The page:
This book explores the evolution of the white wedding in the years since World War II and the possibilities it offered its celebrants. Criticized as outdated, rehearsed, and seemingly incapable of distinction or true personal meaning, the American wedding emerged as a single, recognizable celebration style. Postwar brides and grooms followed a national wedding model that reflected their commitment to modern visions of married life and civic belonging. This book considers the personal motivations of the celebrants who have contributed to the wedding's continued cultural power. It also examines how weddings became a medium for same-sex couples not only as public celebrations of private life but also as political demonstrations in their battle for marriage equality and for equal rights of citizenship and national belonging more generally.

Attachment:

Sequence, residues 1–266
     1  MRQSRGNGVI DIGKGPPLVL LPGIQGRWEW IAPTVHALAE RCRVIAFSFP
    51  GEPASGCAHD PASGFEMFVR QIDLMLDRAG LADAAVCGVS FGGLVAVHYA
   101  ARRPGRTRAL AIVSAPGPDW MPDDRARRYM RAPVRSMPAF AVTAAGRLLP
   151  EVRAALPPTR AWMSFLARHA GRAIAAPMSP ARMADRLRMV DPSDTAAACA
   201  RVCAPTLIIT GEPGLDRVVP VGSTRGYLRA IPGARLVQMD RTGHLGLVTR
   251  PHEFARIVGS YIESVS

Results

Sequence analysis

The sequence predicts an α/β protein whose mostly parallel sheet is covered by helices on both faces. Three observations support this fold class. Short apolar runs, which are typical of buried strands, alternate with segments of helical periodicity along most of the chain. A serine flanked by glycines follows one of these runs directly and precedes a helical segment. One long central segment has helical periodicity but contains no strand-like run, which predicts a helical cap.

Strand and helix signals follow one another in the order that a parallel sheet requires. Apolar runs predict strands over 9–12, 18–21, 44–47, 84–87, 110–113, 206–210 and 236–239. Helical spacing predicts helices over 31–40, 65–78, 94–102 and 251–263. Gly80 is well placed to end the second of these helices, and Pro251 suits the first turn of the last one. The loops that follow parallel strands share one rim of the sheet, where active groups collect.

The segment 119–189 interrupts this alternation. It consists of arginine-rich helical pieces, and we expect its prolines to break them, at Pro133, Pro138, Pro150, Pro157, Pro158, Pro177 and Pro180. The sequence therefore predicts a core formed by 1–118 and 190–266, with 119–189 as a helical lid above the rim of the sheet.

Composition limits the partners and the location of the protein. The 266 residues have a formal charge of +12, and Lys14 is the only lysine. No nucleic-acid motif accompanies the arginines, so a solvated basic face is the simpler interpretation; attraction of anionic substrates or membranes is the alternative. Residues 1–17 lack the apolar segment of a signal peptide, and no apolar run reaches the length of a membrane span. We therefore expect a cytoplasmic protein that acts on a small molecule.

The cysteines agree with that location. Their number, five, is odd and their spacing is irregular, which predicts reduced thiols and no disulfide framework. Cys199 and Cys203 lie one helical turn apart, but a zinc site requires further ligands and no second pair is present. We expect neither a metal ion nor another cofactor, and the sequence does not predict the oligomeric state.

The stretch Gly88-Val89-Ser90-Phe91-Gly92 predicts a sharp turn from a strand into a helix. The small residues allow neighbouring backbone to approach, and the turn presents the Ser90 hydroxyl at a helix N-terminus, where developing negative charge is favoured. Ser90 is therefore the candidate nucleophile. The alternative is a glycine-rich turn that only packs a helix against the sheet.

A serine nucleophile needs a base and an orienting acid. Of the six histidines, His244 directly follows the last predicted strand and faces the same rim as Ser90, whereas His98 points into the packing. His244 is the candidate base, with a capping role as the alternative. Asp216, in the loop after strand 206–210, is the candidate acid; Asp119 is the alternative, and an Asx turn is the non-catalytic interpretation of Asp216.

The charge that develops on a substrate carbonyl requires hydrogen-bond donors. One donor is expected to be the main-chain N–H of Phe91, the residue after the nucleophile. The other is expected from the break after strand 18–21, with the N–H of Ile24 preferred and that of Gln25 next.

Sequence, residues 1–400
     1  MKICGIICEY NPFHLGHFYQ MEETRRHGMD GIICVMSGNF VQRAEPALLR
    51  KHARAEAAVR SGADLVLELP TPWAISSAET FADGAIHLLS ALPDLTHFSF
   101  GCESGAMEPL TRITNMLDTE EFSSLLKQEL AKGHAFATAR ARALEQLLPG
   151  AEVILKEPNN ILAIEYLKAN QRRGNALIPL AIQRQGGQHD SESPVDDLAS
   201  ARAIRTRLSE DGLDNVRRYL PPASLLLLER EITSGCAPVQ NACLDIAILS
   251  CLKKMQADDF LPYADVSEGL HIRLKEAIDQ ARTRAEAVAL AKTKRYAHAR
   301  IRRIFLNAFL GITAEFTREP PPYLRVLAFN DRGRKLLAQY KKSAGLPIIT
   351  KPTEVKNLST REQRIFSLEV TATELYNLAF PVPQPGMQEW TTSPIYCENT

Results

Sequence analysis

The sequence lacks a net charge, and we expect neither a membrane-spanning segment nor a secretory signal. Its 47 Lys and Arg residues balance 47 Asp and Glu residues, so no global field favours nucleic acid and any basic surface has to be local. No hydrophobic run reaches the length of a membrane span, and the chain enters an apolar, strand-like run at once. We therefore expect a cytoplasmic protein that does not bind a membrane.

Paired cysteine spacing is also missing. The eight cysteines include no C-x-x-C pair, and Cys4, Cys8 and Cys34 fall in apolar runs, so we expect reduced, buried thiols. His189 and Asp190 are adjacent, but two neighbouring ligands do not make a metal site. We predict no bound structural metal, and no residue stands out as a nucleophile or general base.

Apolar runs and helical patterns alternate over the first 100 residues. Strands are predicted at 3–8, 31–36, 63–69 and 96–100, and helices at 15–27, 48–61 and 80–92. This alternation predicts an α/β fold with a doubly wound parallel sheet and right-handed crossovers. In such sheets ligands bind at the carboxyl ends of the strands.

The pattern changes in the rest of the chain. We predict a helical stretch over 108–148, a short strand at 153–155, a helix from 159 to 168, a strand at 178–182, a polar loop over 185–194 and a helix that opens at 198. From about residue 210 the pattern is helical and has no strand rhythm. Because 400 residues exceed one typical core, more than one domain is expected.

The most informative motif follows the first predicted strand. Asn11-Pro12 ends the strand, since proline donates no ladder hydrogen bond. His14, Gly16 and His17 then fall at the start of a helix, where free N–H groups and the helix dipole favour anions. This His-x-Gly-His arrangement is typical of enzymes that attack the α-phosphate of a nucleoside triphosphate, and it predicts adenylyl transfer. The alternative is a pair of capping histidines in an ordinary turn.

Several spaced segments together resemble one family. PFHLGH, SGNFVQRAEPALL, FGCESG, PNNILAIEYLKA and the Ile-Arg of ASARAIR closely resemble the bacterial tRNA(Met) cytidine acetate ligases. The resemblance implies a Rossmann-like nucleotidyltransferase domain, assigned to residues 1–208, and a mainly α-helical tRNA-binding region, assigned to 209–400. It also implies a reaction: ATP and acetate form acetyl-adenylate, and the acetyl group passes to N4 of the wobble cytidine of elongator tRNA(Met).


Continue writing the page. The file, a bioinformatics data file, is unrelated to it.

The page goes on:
University Press Scholarship Online requires a subscription or purchase to access the full text of books within the service. Public users can however freely search the site and view the abstracts and keywords for each book and chapter.
If you think you should have access to this title, please contact your librarian.
To troubleshoot, please check our FAQs, and if you can't find the answer there, please contact us .